Headphones are among the most popular ways to consume music and well as multimedia such as video games and streaming shows plus movies. Thanks to the countless options at every imaginable price point and form factor, choosing the right headphones—whether for exercise, travel, home listening, gaming or other uses—can be daunting.
As far as headphones measurements go, there are already some very sizeable databases out there already. Whether it’s Tyll Hertsens at innerfidelity, Jude Mansilla over at head-fi, or the fine folks over at rtings, you’ll find charts galore online. But that’s the point, it’s a useful tool and one I want to make sure is included in my kit as well. So…
Effective immediately, I will begin measuring the frequency response, distortion, sensitivity, and passive noise attenuation of headphones that I review, by using a miniDSP EARS system. This affordable, minimalist measurement rig is modeled after a pair of generic human ears and calibrated to be accurate to within +/-1 dB from 20 Hz to 20,000 Hz.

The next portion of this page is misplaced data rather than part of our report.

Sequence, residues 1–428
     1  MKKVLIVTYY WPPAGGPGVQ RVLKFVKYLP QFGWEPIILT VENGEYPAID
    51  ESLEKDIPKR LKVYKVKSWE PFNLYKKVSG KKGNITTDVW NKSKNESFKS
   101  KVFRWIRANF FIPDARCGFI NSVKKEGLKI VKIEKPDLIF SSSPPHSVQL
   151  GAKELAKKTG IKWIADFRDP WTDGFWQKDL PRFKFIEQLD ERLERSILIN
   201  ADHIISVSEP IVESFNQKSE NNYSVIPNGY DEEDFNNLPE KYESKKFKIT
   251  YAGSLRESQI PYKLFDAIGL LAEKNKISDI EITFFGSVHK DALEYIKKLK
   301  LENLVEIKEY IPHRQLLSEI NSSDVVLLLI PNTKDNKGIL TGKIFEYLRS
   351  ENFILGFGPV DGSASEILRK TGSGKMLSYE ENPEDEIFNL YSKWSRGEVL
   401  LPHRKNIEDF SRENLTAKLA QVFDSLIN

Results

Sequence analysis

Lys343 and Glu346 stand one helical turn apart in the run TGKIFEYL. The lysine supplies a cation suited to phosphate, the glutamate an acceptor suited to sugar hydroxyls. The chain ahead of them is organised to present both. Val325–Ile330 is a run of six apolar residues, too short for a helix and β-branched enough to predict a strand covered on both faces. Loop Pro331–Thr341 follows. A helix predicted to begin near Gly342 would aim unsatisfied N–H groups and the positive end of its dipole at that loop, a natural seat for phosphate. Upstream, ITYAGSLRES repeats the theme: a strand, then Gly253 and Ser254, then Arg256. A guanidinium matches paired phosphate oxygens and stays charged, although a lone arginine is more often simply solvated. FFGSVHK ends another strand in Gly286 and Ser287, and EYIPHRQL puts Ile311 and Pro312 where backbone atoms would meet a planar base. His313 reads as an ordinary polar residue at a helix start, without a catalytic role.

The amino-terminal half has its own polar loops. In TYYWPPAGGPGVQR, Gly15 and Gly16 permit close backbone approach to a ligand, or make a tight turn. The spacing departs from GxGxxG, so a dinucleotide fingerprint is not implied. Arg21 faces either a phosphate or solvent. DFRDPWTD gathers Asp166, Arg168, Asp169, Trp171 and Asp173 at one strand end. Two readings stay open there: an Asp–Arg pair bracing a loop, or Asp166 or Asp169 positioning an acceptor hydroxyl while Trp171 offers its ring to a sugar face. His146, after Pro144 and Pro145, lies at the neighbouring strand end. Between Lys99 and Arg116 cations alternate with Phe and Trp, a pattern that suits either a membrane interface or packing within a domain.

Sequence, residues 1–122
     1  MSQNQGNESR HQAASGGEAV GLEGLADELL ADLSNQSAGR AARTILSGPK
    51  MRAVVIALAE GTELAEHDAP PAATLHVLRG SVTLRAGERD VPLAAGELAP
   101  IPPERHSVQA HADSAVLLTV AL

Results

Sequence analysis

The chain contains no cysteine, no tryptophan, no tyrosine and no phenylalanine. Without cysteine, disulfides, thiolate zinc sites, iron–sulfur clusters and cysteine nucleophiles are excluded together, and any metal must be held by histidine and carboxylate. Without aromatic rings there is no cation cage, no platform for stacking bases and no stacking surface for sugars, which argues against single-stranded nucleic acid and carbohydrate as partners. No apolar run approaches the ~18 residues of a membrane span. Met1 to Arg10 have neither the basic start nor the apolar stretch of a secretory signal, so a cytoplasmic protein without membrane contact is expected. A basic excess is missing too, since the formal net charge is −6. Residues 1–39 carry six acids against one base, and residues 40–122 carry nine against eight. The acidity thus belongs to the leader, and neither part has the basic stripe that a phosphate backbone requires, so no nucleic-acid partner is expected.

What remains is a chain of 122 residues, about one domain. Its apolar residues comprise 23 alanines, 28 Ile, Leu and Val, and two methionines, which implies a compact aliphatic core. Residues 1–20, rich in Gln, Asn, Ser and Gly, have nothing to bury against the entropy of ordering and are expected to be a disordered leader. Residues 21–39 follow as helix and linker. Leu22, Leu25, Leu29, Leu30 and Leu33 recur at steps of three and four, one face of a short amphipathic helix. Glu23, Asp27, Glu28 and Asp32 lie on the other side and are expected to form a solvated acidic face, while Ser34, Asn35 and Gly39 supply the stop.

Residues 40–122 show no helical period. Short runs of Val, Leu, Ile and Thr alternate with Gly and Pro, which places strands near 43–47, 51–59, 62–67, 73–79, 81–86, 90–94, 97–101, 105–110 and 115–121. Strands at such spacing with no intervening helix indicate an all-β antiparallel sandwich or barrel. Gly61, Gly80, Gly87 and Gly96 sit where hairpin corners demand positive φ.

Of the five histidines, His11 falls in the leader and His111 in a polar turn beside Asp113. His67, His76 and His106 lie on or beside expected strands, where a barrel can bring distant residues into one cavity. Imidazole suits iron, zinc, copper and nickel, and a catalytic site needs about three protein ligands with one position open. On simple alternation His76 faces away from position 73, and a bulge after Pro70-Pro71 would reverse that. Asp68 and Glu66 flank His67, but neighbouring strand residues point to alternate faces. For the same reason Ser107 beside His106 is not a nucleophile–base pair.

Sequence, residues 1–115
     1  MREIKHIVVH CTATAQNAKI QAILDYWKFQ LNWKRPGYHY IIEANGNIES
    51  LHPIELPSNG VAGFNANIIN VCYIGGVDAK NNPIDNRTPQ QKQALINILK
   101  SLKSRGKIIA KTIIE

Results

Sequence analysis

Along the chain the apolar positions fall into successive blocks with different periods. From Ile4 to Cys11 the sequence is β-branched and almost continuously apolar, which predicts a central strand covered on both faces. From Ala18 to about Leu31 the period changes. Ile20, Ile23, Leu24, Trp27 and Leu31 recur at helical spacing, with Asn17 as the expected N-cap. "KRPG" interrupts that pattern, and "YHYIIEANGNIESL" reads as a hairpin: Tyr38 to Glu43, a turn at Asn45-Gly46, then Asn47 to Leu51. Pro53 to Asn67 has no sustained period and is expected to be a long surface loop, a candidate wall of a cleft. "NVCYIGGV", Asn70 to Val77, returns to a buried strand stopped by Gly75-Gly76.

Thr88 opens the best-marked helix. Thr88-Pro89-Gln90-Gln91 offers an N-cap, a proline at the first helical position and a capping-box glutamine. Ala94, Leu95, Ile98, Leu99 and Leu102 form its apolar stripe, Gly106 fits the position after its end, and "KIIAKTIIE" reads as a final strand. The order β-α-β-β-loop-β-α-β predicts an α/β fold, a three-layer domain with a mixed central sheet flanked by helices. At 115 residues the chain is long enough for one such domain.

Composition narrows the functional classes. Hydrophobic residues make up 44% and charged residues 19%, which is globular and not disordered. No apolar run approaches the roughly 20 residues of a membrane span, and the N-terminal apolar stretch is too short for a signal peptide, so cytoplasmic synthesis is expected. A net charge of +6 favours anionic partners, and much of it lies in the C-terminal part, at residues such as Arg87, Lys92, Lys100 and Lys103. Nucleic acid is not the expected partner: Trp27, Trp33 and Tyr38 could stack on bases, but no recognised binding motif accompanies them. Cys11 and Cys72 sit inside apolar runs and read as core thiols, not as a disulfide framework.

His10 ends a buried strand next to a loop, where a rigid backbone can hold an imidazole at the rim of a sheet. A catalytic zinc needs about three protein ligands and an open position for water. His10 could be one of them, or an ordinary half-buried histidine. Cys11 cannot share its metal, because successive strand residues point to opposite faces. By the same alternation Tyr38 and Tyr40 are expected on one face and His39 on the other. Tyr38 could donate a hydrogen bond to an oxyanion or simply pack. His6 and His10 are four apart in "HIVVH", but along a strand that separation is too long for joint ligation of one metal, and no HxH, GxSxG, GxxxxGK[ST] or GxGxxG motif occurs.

While other reviewers may have more expensive mannequin heads to use for measurements, one of the coolest things about EARS is it’s a consumer product. You can buy it and use it to measure your own headphones. Furthermore, that measurement can be used to create a parametric EQ compensation curve, so that get better performance from your cans when using compatible gear (or even an app).
While I do not have an anechoic chamber, I will perform these measurements in my concrete-floored basement, which is very quiet with all HVAC turned off. Plus, Paul Barton of PSB Speakers (a pioneer in the science of accurate audio reproduction) has kindly offered his help to ensure I offer accurate measurements.
Of course, since I’ll have the headphones on-hand, I’ll also make a short video review. These measurements will not be without context.
As you can see in this image, I already have a stack of headphones to measure and more are on the way. I love headphones and have been wanting to take this deep dive for some time. The time is now!
Photo by Mark Henninger
If you have specific suggestions for headphones you’d like to see measured and reviewed, please leave a comment. The more the merrier.